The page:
California State Teachers' Retirement System is building a brand spanking new headquarters in Sacramento, complete with a cafe and workout facilities, but there's a catch actually, a Catch-22.
State law requires the system to include the headquarters in its real estate investment portfolio, but generally accepted accounting principles, which state law requires the $117.4 billion CalSTRS to follow, mandates the system hold the headquarters on its books as a capital asset.
Until this month, CalSTRS like the other large California pension fund across town, the $184.6 billion California Public Employees' Retirement System included the headquarters as part of its $15.8 billion real estate portfolio during construction. This treatment pumped up the real estate portfolio by $158 million, the cost for the headquarters as of June 30, according to a memo to the board for its June 5 meeting.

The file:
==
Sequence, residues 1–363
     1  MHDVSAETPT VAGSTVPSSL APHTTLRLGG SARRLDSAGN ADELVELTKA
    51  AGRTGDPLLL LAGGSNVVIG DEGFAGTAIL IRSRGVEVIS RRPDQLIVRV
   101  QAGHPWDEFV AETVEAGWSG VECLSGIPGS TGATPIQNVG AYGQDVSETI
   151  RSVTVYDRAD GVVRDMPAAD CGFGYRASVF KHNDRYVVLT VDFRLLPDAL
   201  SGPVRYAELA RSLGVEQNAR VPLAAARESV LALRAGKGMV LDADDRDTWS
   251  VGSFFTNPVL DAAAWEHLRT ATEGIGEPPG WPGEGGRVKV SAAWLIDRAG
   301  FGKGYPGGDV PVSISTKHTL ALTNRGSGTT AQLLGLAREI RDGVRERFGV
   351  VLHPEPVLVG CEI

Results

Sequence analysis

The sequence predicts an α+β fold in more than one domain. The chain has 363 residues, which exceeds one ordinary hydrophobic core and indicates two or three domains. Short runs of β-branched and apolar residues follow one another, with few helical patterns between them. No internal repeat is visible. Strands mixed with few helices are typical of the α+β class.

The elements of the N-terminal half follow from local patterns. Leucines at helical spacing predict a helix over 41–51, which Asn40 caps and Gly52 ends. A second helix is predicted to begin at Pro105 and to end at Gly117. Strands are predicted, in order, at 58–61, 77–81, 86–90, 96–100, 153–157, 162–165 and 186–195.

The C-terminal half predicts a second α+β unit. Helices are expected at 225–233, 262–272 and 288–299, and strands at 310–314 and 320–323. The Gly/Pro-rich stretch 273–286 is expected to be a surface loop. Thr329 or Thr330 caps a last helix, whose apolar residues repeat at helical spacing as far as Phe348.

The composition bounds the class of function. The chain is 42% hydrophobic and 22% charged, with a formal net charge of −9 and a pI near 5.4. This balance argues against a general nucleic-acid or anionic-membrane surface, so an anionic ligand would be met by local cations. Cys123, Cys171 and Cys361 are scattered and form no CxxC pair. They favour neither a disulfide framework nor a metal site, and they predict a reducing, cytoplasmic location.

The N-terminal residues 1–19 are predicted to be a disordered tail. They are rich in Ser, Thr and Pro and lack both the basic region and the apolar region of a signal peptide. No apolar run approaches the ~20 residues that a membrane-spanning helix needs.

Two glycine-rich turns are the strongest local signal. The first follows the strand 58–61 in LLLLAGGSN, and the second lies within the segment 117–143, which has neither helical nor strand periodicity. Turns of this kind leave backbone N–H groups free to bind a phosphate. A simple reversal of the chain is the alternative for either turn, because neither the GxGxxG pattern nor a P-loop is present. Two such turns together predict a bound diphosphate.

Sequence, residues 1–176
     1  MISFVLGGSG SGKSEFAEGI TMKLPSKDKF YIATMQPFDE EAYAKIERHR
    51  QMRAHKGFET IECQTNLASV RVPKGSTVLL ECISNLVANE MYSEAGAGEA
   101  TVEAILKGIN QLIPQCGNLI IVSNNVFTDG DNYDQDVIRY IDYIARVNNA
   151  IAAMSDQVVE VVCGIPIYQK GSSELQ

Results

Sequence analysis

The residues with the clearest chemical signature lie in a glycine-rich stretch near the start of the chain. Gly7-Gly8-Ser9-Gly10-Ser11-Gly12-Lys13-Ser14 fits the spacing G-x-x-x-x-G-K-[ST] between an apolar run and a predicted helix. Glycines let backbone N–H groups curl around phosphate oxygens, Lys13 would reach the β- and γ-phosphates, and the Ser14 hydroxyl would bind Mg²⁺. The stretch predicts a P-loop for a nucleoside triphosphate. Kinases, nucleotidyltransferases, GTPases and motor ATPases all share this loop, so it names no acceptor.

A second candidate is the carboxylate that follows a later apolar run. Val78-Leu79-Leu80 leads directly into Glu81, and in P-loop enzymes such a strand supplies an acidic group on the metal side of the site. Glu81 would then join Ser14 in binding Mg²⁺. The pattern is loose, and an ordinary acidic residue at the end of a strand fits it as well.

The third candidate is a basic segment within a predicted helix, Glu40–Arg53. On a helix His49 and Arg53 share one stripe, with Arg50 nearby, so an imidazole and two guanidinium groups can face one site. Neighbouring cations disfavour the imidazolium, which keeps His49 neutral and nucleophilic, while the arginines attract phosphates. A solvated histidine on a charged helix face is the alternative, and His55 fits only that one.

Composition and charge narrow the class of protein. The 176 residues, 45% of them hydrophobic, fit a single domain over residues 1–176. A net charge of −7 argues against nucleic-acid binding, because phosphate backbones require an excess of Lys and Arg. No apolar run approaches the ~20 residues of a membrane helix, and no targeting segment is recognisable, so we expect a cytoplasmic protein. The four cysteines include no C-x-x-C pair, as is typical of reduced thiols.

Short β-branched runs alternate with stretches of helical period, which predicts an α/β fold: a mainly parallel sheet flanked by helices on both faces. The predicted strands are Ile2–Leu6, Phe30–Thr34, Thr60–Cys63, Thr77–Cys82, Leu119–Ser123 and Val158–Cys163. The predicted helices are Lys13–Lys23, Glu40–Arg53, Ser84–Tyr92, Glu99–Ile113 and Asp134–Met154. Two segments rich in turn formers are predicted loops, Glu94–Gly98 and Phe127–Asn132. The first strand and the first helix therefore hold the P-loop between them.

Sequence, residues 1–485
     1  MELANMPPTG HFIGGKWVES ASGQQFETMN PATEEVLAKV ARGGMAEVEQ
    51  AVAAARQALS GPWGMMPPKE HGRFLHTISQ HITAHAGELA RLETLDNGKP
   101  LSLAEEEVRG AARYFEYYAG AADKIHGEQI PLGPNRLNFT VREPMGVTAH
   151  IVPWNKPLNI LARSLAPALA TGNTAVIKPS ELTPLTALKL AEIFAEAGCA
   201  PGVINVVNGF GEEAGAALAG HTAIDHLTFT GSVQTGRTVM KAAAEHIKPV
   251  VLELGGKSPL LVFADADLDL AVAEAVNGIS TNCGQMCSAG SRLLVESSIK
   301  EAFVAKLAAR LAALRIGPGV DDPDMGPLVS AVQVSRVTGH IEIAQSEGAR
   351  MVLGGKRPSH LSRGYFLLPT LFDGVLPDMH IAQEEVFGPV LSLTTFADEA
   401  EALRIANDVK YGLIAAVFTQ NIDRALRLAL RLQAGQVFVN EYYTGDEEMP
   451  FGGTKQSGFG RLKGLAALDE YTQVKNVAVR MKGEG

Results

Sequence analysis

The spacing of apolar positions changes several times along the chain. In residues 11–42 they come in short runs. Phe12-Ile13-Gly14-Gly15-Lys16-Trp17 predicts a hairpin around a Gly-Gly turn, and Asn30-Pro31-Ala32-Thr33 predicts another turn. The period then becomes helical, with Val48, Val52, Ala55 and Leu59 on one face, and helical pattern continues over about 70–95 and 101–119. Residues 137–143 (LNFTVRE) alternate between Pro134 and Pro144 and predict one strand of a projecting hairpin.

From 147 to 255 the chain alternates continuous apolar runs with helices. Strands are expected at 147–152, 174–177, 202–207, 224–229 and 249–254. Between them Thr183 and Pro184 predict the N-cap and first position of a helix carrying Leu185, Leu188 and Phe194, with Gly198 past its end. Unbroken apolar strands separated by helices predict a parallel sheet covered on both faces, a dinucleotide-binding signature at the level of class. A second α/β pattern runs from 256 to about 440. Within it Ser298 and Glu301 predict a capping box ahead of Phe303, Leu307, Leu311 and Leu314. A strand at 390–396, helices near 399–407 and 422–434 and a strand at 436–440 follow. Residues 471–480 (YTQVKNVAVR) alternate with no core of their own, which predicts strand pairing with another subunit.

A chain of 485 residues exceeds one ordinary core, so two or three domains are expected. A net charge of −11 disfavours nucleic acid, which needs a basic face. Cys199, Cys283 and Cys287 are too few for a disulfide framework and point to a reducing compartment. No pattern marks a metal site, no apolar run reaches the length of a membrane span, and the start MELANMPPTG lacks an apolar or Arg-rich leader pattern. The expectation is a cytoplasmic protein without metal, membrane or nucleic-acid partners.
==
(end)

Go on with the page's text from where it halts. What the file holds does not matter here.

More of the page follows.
But CalSTRS external auditors cried foul, advising system officials that they need to move the building out of its investment portfolio, despite the contradictory dictates of state law.
CalPERS had dealt with the problem by slipping its new headquarters onto its books as a capital asset once it was 50% occupied. So, at its June 5 meeting, the CalSTRS board voted to move the headquarters out of its real estate investment portfolio by Oct. 1, when it will have made its last construction payment. And, oh yeah, system officials will try to get the California Legislature to fix the law.
How will this impact CalSTRS' real estate portfolio during the down cycle? No material change, said spokeswoman Sherry Reser. One investment in a $15.8 billion portfolio. Arleen Jacobius